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Mr. Lidington: To ask the Secretary of State for Northern Ireland how much was redistributed through resource-releasing savings (a) by each Northern Ireland Department, agency and non-Departmental public body and (b) in total during 2005-06; and if he will make a statement. 
The following table summarises the targets for each Department, with the amount specified covering the core Department, its agencies and non-Departmental public bodies. Efficiency technical notes, outlining how Departments intend to deliver their efficiency targets, are available on departmental websites.
|Efficiency gains identified by NI Departments|
|Total efficiencies||Of which: resource-releasing||Total efficiencies||Of which: resource-releasing||Total efficiencies||Of which: resource-releasing|
David Simpson: To ask the Secretary of State for Northern Ireland what steps have been taken to address the deprivation identified by the Northern Ireland Department of Finance and Personnel on 26 May 2005 in the Drumgask, Drumnamoe, Corcrain, Drumgor and Court areas of Craigavon. 
Mr. Hanson: Drumgask, Drumnamoe, Corcrain, Drumgor and Court areas in Craigavon were identified by the Northern Ireland Measures of Deprivation (New Noble Index) as being in the 10 per cent. most deprived urban areas in Northern Ireland.
The Governments main strategy for tackling areas of high urban deprivation is neighbourhood renewal and three local Neighbourhood Partnerships have been established in the Craigavon borough council area to help take forward the strategy in the areas that have been identified as deprived. The Drumgask and Drumgor areas are covered by the Brownlow Partnership; the Court and Drumnanoe areas are covered by the Lurgan Partnership and the Corcrain area is covered by the Portadown Partnership.
All three partnerships are currently working in consultation with interested parties to develop a vision framework and action plan that will set out in detail the programmes and activities needed to address
deprivation and improve services. Local consultation is expected to take place later this year.
David Simpson: To ask the Secretary of State for Northern Ireland how the additional £1.2 million announced on 26 May 2005 to maintain front-line early years services in Northern Ireland was spent; and how much remained unspent. 
Paul Goggins: On 26 May 2005, my predecessor, the Under-Secretary of State for Culture, Media and Sport, the hon. Member for St. Helens, South (Mr. Woodward), announced an additional £1.2 million to support projects previously funded under Peace Measure 2.5Investing in Childcare.
Projects were invited to apply for this funding and had to demonstrate that they met the criteria in providing direct services to children in areas of low provision where the service is critical to provision in that area; or services that have targeted provision for ethnic minorities, traveller children and children with a disability.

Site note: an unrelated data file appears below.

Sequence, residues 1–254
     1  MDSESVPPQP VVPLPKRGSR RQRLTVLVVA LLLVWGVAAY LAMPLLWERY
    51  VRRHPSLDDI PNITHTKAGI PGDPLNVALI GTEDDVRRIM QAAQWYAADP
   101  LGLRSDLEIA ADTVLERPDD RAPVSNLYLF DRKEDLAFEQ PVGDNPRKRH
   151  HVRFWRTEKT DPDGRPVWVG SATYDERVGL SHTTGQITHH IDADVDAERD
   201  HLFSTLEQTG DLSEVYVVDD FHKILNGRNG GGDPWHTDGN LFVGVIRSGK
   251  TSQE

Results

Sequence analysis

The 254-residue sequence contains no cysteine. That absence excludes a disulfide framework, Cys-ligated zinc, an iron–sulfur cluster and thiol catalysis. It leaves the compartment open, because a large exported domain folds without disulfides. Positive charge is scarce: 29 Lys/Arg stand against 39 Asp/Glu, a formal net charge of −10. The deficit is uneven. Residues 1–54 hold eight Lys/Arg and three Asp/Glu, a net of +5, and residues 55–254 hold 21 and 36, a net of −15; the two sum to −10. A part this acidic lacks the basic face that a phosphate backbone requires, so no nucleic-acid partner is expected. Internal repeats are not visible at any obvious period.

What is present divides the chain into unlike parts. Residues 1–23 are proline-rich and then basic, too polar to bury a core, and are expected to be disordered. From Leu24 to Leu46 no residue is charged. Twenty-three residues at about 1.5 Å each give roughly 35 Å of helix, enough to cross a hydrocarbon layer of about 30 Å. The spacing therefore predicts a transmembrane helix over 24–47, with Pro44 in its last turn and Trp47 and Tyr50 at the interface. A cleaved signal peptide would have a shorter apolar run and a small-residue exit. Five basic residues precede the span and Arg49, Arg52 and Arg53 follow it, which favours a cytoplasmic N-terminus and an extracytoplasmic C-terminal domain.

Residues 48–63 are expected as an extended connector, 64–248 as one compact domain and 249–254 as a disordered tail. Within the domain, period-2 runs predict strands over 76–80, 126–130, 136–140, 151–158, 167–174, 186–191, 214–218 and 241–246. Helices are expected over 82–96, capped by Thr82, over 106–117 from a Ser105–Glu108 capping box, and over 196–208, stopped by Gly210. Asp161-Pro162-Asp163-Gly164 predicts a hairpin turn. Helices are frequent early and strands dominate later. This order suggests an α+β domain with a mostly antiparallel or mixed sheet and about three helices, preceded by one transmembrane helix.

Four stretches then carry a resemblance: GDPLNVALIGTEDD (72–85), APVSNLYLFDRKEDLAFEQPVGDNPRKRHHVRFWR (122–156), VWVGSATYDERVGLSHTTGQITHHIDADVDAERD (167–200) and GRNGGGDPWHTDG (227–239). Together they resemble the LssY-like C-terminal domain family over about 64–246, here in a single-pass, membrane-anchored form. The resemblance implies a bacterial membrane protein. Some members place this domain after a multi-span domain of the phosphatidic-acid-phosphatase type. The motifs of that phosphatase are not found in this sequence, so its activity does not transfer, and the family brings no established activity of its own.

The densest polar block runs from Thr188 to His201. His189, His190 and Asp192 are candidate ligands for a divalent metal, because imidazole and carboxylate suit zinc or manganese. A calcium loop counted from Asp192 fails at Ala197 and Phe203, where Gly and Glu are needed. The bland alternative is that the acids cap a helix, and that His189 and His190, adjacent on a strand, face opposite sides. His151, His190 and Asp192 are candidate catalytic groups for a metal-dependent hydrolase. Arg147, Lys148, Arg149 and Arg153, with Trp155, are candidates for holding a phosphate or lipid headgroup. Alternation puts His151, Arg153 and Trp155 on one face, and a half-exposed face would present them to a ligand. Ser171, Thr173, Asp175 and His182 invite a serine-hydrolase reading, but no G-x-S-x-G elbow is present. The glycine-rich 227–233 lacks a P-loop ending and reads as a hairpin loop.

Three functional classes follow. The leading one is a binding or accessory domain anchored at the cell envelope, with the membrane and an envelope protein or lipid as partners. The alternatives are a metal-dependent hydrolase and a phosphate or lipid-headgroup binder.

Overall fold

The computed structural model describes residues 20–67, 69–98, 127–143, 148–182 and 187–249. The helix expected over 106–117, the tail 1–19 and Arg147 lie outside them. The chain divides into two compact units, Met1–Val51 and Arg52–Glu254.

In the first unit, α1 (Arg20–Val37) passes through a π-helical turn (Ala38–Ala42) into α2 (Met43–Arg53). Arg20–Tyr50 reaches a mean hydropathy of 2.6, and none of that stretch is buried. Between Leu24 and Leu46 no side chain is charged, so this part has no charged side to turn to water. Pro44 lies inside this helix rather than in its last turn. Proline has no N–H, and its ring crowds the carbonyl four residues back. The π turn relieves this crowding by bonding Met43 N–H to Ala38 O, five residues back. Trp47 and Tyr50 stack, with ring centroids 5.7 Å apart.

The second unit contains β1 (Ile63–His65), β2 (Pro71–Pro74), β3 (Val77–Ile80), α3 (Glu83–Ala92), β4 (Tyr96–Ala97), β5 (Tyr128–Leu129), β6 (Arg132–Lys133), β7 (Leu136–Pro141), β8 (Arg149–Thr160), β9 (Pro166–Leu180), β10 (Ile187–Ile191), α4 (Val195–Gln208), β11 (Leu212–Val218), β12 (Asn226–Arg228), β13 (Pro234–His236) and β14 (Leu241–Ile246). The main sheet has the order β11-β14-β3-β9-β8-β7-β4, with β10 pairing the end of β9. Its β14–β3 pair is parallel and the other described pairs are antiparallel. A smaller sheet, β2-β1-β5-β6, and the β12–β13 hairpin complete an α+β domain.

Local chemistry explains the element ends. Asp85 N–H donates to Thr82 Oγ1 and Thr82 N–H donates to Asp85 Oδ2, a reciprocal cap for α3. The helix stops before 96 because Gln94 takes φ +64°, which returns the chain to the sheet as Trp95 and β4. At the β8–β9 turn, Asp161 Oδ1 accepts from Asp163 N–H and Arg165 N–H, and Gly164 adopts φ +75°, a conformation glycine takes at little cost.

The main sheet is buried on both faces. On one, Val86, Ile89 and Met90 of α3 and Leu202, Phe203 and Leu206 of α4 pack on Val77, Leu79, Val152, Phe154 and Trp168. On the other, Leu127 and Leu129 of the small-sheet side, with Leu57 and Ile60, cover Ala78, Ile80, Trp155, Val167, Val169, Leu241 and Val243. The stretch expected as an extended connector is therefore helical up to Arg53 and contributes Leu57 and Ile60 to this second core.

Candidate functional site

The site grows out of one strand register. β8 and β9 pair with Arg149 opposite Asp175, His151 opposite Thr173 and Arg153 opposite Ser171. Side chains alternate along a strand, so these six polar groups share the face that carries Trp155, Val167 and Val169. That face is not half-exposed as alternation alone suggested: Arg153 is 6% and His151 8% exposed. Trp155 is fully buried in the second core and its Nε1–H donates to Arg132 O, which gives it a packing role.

Mr. Gregory Campbell: To ask the Secretary of State for Northern Ireland how many vacancies of principals of more than two months there were in secondary level schools in the (a) controlled and (b) maintained sectors in Northern Ireland during 2005. 
Maria Eagle: The education and library boards and the Council for Catholic Maintained Schools have advised that all principal vacancies during 2005 were filled immediately. If there is a delay in a principal taking up duty, the vice principal is required to undertake the role of acting principal in accordance with the terms of employment of the vice principal.
Mr. Lidington: To ask the Secretary of State for Northern Ireland what proportion of patients in Northern Ireland waiting for elective admission to trauma and orthopaedics were seen in (a) under three months and (b) under 12 months during (i) 2004-05 and (ii) 2005-06. 
The proportion of in-patients waiting for elective admission (ordinary admission or day case treatment) in the trauma and orthopaedics specialty that were seen during 2004-05 and 2005-06 in an NHS
hospital in Northern Ireland in (a) under three months and (b) under 12 months is provided in the following table:
|Proportion of in-patients waiting for elective admission in the trauma and orthopaedics specialty that were seen in an NHS hospital in Northern Ireland in:|
|Under 3 months||Under 12 months|
Waiting time is calculated from the original date the decision to admit was made to the actual admission date. Data include in-patients who were medically deferred while waiting and in-patients who self-deferred or did not turn up for a previously arranged admission date.
Mark Durkan: To ask the Secretary of State for Northern Ireland pursuant to the answer of 4 May 2006, Official Report, columns 1818-20W, on housing, what assessment he has made of community differentials in the allocation of housing in (a) Northern Ireland and (b) Belfast; and if he will make a statement. 
Mr. Hanson: The following table provides PSNI statistics on knife crime incidents over the past five years. The incidents are sorted by the recorded crime categories used by the police. While it is known that a knife was used in all incidents recorded below, it is not possible to indicate how the knife was used.
Clearly the categories of murder and attempted murder refer to the most serious incidents. While the overall incidents of use of a knife in crime rose last year, the number of murders and attempted murders reduced.
A knife amnesty and media campaign is currently in place. In early autumn an educational package will be introduced into schools and legislation giving powers to increase the minimum age for buying a knife will be introduced. I am hopeful that these actions will impact on these figures and we will see a reduction in knife related crimes this year.
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